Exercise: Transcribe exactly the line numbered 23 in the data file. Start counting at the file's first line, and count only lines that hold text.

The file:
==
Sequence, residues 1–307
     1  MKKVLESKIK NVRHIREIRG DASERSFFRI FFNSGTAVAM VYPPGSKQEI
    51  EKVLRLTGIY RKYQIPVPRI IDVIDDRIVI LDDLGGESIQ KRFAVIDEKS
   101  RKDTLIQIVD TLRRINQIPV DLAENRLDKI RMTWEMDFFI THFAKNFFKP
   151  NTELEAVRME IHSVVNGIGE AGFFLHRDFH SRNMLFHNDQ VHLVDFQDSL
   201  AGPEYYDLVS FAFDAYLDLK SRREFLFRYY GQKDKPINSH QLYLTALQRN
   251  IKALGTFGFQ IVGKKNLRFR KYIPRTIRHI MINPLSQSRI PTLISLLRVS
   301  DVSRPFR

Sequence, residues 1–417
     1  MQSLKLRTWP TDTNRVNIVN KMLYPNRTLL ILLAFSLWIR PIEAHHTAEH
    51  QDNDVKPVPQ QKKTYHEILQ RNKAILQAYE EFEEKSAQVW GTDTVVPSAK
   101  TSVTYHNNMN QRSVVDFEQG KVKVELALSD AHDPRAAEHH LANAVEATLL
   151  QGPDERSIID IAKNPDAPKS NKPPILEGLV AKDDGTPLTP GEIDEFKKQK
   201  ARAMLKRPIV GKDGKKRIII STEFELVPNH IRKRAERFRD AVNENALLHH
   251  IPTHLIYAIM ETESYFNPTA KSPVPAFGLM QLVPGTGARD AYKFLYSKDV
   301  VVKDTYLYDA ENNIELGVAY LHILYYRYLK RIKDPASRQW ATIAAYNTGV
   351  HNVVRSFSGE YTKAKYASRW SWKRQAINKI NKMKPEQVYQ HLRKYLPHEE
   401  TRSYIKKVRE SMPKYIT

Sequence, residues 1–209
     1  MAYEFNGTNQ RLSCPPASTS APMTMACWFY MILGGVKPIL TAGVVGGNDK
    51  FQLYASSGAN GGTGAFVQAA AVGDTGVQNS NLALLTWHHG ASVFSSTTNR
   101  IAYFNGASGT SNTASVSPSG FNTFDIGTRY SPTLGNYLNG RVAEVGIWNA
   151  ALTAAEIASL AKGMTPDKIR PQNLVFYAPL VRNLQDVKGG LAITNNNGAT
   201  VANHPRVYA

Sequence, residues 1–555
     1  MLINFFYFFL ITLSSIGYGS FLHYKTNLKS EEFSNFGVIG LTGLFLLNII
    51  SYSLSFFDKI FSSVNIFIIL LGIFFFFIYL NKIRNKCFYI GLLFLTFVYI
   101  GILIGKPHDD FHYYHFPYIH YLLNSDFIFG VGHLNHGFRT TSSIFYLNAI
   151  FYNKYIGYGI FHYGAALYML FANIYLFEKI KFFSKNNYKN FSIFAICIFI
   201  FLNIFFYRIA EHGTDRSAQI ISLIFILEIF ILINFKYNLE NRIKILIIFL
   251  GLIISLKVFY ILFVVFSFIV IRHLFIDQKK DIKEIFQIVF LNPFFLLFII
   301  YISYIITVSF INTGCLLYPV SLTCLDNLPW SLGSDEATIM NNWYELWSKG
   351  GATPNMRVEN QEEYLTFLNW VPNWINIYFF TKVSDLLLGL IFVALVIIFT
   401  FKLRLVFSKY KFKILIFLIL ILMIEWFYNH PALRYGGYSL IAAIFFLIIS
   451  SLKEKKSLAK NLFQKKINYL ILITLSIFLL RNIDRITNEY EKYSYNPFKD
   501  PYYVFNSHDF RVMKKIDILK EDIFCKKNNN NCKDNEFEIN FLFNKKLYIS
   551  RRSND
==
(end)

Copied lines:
   151  ALTAAEIASL AKGMTPDKIR PQNLVFYAPL VRNLQDVKGG LAITNNNGAT